Since tuberculosis kills 1.5 million people every year (Yang et al., 2017), it is imperative that compounds that eradicate persister cells related to mycobacteria be identified. Critically, a substituted indole, N-[(6-trifluoromethyl)-1H-indol-2-yl)methyl]cycloocctanamine (IMA6, Figure 3), has been identified that kills Mycobacterium abscessus persister cells (Yam et al., 2020). In addition, 4-fluoro and 6-methoxyindoles combined with a cationic amphiphilic motif (e.g., lipophilic n-octyl side chain at position 1 and a positively charged azepanyl or 1,4-dioxa-8-azaspiro[4.5]decane moiety at position 3, Figure 3 for compound 74a) have been identified that kill Mycobacterium tuberculosis and kill Mycobacterium bovis persister cells by damaging the membrane (Yang et al., 2017). No resistance was found to compound 74a in 8 weeks, and the compound was active on S. aureus but had no activity on E. coli (Yang et al., 2017). Hence, substituted indoles are effective against some of the most dangerous pathogens that are often in non-replicating states and require treatments for 1 year with current antibiotics.
Indole Prevents Exit From Dormancy in Consortia
In addition to killing persister cells, indole also has another remarkable trait: it selectively allows E. coli cells to resuscitate from dormancy while preventing other cells from resuscitating (Zhang W. et al., 2019). Specifically, indole has no effect on E. coli resuscitation, but indole prevents P. aeruginosa persisters from waking (Zhang W. et al., 2019). Furthermore, indole allows E. coli to outcompete P. aeruginosa (Zhang W. et al., 2019). Critically, indole has no toxicity with non-dormant and dormant P. aeruginosa cells at physiological levels (Zhang W. et al., 2019) so the inhibition of resuscitation is not due to toxicity and not due to a difference in the number of P. aeruginosa persister cells that are formed. Unfortunately, the mechanism of indole inhibition has not been determined.
This indole phenotype likely gives E. coli a fitness advantage over its competitors and may be one of the main reasons indole is secreted from E. coli at such high levels, around 0.7 mM (Domka et al., 2006). These results are also physiologically relevant since both E. coli and P. aeruginosa are found together in the GI tract as P. aeruginosa is present in up to 12% of healthy individuals (Bodey et al., 1983) and is found sometimes in the GI tract of critically ill surgical patients (Marshall et al., 1993). Since indole from E. coli also reduces many of the quorum-sensing-related virulence factors of P. aeruginosa as an inter-species signal (Lee et al., 2009a), these new results (Zhang W. et al., 2019) indicate indole from E. coli both reduces P. aeruginosa virulence as well as prevents its resuscitation from the persister state.
It seems the most important aspect of indole secretion by E. coli is not related to the control of its own gene expression as a quorum-sensing signal but instead lies in the influence of indole on its neighbors as an interkingdom and interspecies signal. For example, indole controls few genes (Wang et al., 2001; Lee et al., 2008); in contrast, indole is clearly beneficial to the host of E. coli (e.g., by tightening epithelial cell junctions to prevent sepsis) (Bansal et al., 2010) and indole is beneficial for controlling the competitors of commensal E. coli since indole both reduces the virulence (Lee et al., 2009a) and the resuscitation of the pathogen P. aeruginosa (Zhang W. et al., 2019) as well as reduces the virulence of EHEC (Bansal et al., 2007; Lee et al., 2007a).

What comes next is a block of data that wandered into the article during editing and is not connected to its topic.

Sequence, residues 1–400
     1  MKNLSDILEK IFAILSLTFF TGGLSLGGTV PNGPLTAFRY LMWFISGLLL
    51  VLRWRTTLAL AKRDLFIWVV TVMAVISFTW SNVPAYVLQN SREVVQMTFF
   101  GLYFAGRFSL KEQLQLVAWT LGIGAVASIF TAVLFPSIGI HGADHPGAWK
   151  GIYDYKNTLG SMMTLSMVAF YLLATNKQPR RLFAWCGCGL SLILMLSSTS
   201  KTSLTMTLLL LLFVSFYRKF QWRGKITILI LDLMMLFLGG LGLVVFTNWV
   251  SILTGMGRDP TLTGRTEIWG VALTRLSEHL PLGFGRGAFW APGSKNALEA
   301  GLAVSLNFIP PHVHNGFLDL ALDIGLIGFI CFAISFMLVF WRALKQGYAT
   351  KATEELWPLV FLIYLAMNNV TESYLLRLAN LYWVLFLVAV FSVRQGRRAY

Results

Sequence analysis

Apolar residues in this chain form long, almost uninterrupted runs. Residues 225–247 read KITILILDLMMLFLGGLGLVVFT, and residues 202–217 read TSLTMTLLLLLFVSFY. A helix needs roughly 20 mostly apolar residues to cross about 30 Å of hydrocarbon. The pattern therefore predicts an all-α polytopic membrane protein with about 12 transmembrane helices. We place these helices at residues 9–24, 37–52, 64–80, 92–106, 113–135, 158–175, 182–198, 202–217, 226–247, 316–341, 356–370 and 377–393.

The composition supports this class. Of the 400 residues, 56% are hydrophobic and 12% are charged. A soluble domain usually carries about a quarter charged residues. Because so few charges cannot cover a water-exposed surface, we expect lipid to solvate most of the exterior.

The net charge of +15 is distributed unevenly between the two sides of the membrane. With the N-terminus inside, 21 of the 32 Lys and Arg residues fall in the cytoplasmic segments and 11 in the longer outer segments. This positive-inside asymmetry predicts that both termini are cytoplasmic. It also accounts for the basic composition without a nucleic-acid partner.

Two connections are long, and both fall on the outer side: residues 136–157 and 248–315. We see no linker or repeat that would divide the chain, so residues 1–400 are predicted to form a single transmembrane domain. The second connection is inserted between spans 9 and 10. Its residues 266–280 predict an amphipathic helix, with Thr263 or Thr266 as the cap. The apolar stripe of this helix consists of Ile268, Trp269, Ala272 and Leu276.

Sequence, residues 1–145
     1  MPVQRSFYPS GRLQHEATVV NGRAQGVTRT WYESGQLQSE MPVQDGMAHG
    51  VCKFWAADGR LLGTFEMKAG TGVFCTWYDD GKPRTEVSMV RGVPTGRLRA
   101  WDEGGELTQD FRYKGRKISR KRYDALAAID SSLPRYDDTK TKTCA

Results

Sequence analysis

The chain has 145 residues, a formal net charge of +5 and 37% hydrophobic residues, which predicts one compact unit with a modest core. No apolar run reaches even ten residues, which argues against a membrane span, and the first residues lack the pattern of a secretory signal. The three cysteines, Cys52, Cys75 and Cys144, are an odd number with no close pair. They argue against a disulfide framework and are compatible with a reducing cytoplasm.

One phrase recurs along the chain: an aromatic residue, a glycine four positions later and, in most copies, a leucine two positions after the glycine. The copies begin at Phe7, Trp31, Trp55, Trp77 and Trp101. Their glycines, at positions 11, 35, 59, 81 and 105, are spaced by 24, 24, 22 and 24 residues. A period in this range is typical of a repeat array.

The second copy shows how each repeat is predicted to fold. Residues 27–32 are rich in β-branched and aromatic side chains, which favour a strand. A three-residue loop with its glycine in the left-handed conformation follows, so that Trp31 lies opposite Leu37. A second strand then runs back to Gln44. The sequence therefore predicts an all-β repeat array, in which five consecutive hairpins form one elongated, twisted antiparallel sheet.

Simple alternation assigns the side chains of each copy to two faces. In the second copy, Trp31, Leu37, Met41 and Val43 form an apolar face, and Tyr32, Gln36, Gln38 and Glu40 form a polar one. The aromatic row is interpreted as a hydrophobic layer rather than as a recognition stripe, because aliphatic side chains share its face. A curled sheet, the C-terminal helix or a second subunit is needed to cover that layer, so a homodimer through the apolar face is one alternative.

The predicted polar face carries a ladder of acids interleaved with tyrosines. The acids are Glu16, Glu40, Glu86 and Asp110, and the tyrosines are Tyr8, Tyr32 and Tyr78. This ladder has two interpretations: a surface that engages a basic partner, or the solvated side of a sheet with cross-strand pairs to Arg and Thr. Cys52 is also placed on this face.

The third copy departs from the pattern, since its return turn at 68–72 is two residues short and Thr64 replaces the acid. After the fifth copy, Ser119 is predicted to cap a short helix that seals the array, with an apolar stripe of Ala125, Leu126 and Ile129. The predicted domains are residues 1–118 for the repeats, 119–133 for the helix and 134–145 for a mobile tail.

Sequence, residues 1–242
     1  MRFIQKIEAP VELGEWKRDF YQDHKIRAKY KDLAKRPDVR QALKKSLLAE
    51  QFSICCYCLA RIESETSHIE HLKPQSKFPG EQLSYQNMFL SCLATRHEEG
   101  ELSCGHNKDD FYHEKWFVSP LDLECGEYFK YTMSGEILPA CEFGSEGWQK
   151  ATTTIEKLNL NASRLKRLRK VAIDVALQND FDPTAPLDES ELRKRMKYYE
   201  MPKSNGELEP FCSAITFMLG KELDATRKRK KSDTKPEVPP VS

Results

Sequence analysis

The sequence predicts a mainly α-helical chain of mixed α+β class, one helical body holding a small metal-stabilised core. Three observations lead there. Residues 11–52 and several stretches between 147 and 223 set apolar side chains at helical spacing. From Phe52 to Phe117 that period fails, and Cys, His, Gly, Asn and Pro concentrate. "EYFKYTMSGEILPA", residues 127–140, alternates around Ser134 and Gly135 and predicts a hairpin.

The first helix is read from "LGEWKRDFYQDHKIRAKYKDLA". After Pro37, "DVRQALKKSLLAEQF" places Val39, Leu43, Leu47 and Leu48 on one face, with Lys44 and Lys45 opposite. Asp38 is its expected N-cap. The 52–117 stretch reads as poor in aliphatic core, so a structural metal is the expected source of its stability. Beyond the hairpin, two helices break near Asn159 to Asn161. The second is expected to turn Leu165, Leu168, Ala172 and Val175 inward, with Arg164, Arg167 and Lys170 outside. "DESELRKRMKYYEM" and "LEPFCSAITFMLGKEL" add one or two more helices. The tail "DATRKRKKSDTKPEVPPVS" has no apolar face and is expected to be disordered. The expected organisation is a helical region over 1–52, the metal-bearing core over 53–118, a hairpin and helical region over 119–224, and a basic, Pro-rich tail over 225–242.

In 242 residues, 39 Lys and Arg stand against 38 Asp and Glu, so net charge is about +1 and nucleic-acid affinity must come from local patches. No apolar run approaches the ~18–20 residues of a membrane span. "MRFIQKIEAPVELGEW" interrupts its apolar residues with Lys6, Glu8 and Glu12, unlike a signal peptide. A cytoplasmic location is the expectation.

Making use of our discovery that indole reduces persistence (Hu et al., 2015; Kwan et al., 2015), many labs now have independently identified indigoids that are potent for killing persister cells. Future work on the ability of these substituted indoles to enter host cells and kill intracellular persisters would be interesting; note that indole itself is actively transported in E. coli by Mtr but has some less-efficient diffusion into the bacterial cell (Vega et al., 2012). Hence, one can be sanguine about the future and bringing some of these compounds to market to treat recalcitrant infections.
Both authors contributed to the article and approved the submitted version. TW conceived the review. SS and TW authored the manuscript.
This work was supported by funds derived from the Biotechnology Endowed Professorship for TW at the Pennsylvania State University.
Conflict of Interest
The authors declare that the research was conducted in the absence of any commercial or financial relationships that could be construed as a potential conflict of interest.
Figure 1A is reprinted from Biofilm 2: 100018, SS and TK, “Forming and waking dormant cells: The ppGpp ribosome dimerization persister model,” Figure 1, Copyright (2020), with permission from Elsevier. Figure 1B is reprinted from iScience 23: 100792, R. Yamasaki, SS, M. J. Benedik, and TK, “Persister Cells Resuscitate Using Membrane Sensors that Activate Chemotaxis, Lower cAMP Levels, and Revive Ribosomes,” Figure 7, Copyright (2020), with permission from Elsevier.
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Keywords: persisters, indole, substituted indole, resuscitation, formation
Citation: Song S and Wood TK (2020) Combatting Persister Cells With Substituted Indoles. Front. Microbiol. 11:1565. doi: 10.3389/fmicb.2020.01565
Received: 09 April 2020; Accepted: 16 June 2020;
Published: 07 July 2020.
Edited by:Weihui Wu, Nankai University, China
Reviewed by:Shiwei Wang, Northwest University, China
Andrey Mulyukin, Winogradsky Institute of Microbiology (RAS), Russia
Nityananda Chowdhury, Medical University of South Carolina, United States
Copyright © 2020 Song and Wood. This is an open-access article distributed under the terms of the Creative Commons Attribution License (CC BY). The use, distribution or reproduction in other forums is permitted, provided the original author(s) and the copyright owner(s) are credited and that the original publication in this journal is cited, in accordance with accepted academic practice. No use, distribution or reproduction is permitted which does not comply with these terms.
*Correspondence: Thomas K. Wood, email@example.com